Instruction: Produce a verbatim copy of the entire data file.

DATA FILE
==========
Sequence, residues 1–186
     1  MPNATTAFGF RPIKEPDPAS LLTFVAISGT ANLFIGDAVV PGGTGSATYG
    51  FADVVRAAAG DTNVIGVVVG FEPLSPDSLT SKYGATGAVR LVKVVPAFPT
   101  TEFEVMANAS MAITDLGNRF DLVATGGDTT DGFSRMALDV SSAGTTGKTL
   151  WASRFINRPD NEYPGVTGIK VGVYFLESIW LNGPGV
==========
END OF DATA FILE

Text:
Sequence, residues 1–186
     1  MPNATTAFGF RPIKEPDPAS LLTFVAISGT ANLFIGDAVV PGGTGSATYG
    51  FADVVRAAAG DTNVIGVVVG FEPLSPDSLT SKYGATGAVR LVKVVPAFPT
   101  TEFEVMANAS MAITDLGNRF DLVATGGDTT DGFSRMALDV SSAGTTGKTL
   151  WASRFINRPD NEYPGVTGIK VGVYFLESIW LNGPGV